While US indices, in general, are broadly overbought, among individual sectors, the strength hasn’t been nearly as one-directional. Here again, the majority of sectors closed out last week at ‘extreme’ levels, but in this case, five sectors are at extreme overbought levels and another two (Utilities and Real Estate) are at extreme oversold levels. Just last week, sectors like Real Estate (XLRE) and Utilities (XLU) saw declines of over 3.5%, while Financials (XLF) and Energy (XLE) were up close to 2.5%. It’s not often that you see such wide performance divergences among individual sectors, but the spike we’ve seen in interest rates over the last couple of weeks has hurt rate-sensitive defensives and helped Financials especially.
Like US indices, international markets also finished off last week mostly at overbought levels after two-thirds of the country ETFs we track saw gains for the week. Countries heading into the week at the most extended levels include Malaysia (EWM), Israel (EIS), China (MCHI & GXC), Italy (EWI), Russia (RSX), and Singapore (EWS), and behind these countries all but six ETFs are overbought. China and Russia may be at extreme overbought levels, but Brazil (EWZ) and India (PIN), the other two countries that comprise the BRIC acronym, both traded down sharply last week and head into this week at neutral levels relative to their trading ranges. Sign up for Bespoke’s “2020” special and get our upcoming Bespoke Report 2020 Market Outlook and Investor Toolkit.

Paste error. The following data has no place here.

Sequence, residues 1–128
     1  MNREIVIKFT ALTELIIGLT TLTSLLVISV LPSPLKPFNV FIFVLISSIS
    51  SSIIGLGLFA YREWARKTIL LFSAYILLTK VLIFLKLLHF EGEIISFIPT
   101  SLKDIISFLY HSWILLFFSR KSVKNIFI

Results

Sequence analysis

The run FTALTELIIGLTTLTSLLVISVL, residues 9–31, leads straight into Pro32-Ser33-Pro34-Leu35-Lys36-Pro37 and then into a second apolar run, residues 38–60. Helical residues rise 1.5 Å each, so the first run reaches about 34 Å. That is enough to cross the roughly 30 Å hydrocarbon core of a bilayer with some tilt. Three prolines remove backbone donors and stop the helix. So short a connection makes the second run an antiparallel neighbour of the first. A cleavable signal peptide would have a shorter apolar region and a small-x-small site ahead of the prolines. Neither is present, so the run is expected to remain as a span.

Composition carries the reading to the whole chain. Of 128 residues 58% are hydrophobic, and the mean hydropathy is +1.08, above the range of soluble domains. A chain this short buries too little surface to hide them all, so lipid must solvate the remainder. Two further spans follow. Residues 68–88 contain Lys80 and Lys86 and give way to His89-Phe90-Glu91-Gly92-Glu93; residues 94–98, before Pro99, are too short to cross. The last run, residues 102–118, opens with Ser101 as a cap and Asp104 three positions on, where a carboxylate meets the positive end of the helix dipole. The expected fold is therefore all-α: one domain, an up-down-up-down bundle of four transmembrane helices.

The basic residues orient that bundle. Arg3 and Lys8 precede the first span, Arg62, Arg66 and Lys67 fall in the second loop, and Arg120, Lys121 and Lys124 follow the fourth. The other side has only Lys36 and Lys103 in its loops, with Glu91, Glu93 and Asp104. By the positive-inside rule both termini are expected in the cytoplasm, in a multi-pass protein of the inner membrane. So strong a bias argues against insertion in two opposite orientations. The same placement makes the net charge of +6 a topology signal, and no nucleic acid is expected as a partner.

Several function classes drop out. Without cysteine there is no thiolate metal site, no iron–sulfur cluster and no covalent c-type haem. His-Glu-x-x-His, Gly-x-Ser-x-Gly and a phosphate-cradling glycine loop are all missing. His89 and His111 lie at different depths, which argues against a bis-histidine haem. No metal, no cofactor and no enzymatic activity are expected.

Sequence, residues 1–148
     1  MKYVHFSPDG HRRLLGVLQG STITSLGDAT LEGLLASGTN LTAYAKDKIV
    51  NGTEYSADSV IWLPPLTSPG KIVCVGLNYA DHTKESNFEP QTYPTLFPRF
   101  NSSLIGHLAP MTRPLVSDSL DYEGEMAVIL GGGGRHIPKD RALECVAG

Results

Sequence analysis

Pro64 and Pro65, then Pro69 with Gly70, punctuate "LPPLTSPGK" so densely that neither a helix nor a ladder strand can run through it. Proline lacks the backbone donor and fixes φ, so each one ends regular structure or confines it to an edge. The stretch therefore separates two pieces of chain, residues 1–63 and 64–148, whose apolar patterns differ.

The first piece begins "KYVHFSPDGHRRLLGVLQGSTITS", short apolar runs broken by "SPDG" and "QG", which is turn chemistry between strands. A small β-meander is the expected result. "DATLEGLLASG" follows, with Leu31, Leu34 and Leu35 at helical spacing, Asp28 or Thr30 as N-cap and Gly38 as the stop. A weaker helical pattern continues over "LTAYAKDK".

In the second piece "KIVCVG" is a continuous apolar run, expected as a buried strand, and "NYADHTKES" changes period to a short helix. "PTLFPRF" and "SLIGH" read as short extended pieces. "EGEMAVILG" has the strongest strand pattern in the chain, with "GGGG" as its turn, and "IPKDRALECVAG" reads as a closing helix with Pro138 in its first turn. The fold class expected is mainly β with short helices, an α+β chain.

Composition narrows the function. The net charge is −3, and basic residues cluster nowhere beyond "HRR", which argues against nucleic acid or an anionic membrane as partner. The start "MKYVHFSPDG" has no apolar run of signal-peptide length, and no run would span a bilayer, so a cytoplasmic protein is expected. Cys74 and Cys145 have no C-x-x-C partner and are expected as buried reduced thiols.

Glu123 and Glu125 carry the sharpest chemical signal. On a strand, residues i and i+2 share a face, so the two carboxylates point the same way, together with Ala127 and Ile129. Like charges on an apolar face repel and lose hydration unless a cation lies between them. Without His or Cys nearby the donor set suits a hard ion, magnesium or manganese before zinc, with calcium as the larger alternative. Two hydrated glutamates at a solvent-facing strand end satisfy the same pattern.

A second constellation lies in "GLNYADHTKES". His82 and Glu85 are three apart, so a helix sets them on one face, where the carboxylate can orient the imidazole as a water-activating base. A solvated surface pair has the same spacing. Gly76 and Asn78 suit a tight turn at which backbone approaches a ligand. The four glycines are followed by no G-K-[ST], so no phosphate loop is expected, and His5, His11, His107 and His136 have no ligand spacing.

See what’s driving market performance around the world in today’s Morning Lineup. Bespoke’s Morning Lineup is the best way to start your trading day. Read it now by starting a two-week free trial to Bespoke Premium. CLICK HERE to learn more and start your free trial.
Welcome to Bespoke Brunch Reads — a linkfest of the favorite things we read over the past week. The links are mostly market related, but there are some other interesting subjects covered as well. We hope you enjoy the food for thought as a supplement to the research we provide you during the week.
While you’re here, join Bespoke Premium for 3 months for just $95 with our 2019 Annual Outlook special offer.
The New View of Government Debt by J.W. Mason (jwmason.org)
A review of changing attitudes towards government debt, with specific arguments about why widening government deficits haven’t led to higher interest rates during recent years. [Link; 20 page PDF]
The Inflation Gap by Annie Lowery (The Atlantic)
In addition to accessing fewer resources, consumers who are at the lowest end of the income scale also face higher prices over time than higher-income consumers. [Link; soft paywall]
An Energy Breakthrough Could Store Solar Power for Decades by Adam Popescu (Bloomberg)
A novel molecule designed in Sweden offers a potential way to store energy from the sun for very long periods, and then conveniently release it, which may be more attractive than traditional renewable setups that include photovoltaic solar energy and industrial scale batteries. [Link; soft paywall]
Tesla will unveil its Cybertruck pickup on Nov. 21 in LA, Elon Musk says by Todd Haselton (CNBC)
Harried by upstarts like Rivian and eager to deliver further growth, Tesla is set to introduce its new pickup truck at an event in Los Angeles on November 21st. [Link]